Nearly a hundred photographs from the time of the First World War have come to Tsarskoye Selo from a private archive in Yakutsk to be put on display at the Martial Chamber as an exhibition titled Heroes With No Names, which will run from August 5 through October 31, 2015.
The core of the display is the photographic materials by Konstantin A. Dobrohotov, taken during his service as a military physician in the Russian Imperial Army in 1915–6. Interested in faces rather than horrors of the war, Dobrokhotov captured the spirit of the time in his stills of Russian officers and soldiers in their everyday life. He served in the 46th Brigade Ordnance Field Park, was wounded several times in 1915, returned to the frontline, took part in the Russian Civil War of 1917-22 and then in the Great Patriotic Wars of 1941–4, during which he headed a rear hospital in Kharkov.
As a physician, Dobrokhotov had and knew how to use chemical reagents, which made his photographing hobby less challenging than it was for others in the early twentieth century. He probably used an easy-to-handle Kodak camera, since those became popular in Russia in 1906. As keeping First World War documents at home was dangerous during the Soviet era, he had to dispose of all his photographic archives, except the negatives that he left to his grandson Vladimir.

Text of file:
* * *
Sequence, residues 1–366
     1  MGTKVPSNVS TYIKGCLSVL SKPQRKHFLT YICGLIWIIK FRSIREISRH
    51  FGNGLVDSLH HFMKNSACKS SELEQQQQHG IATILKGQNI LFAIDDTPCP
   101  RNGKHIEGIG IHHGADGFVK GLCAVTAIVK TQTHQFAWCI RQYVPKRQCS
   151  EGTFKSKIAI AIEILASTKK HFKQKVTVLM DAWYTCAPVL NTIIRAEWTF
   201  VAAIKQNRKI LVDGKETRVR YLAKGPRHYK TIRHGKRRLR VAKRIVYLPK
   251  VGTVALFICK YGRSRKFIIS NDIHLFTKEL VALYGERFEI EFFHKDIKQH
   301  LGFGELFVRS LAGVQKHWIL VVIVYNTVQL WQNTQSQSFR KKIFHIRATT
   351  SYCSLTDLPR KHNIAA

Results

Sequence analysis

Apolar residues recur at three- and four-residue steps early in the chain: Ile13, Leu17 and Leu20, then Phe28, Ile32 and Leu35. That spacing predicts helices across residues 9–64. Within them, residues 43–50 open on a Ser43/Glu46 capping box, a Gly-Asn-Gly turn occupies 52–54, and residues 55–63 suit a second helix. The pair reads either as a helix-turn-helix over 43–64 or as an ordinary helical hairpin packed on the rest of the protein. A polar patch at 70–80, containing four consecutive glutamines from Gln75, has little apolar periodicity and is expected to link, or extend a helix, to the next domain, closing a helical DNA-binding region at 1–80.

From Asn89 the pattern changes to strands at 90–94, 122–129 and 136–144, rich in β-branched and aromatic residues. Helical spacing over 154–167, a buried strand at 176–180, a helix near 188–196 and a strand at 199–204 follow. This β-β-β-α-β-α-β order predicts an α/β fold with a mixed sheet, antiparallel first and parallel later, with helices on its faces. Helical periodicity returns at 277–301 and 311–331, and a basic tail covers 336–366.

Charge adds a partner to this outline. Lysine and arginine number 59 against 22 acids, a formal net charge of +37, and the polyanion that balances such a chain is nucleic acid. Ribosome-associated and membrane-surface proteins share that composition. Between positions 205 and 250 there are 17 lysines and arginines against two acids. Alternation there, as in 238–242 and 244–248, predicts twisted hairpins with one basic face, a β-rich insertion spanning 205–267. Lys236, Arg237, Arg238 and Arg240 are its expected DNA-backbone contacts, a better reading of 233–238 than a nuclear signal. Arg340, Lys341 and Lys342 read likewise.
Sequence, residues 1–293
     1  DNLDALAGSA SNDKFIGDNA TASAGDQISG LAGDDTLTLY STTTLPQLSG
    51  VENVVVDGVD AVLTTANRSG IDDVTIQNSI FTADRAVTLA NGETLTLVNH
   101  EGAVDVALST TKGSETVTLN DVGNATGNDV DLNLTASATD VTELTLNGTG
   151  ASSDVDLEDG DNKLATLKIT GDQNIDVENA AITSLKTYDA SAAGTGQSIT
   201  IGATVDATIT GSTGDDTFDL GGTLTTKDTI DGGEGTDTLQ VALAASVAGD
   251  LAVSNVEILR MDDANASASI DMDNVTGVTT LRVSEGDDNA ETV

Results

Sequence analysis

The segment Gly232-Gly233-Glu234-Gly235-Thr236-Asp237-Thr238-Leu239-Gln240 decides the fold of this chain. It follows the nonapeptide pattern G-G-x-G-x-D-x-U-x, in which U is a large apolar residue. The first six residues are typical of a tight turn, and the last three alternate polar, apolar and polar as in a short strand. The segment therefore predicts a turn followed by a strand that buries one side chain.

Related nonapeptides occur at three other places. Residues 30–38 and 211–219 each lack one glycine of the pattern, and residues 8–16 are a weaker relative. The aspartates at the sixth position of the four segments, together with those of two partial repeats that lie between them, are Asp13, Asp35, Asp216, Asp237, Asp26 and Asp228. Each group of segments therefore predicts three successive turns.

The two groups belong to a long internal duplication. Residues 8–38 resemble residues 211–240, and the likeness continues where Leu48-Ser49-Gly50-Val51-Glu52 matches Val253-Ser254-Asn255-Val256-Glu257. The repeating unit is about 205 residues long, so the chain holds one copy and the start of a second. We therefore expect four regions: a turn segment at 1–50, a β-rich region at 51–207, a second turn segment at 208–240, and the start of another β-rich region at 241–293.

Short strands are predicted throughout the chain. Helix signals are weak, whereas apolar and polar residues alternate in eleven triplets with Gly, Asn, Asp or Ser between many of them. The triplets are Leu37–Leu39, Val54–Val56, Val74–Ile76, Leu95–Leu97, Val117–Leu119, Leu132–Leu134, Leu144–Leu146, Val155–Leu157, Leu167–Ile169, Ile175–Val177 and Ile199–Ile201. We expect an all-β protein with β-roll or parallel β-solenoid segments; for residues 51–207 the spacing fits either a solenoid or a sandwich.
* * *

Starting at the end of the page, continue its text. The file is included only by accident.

Vladimir Dobrokhotov, a well-known photojournalist in Yakutsk, kept his grandfather’s negatives over 60 years. He printed the photographs for the first time only in 2014 for an exhibition in Yakutsk commemorating the centenary of the beginning of the First World War.
The current exhibition at the Martial Chamber marks one year since the permanent display Russia in the Great War was opened there on 4 August 2014. Over this time, the display has drawn more than 48,000 visitors, nearly 10,000 of them schoolchildren.
Organized by the Sakhamedia holding company and Tsarskoye Selo, the exhibition Heroes With No Names is free with a ticket to the Martial Chamber. Visiting information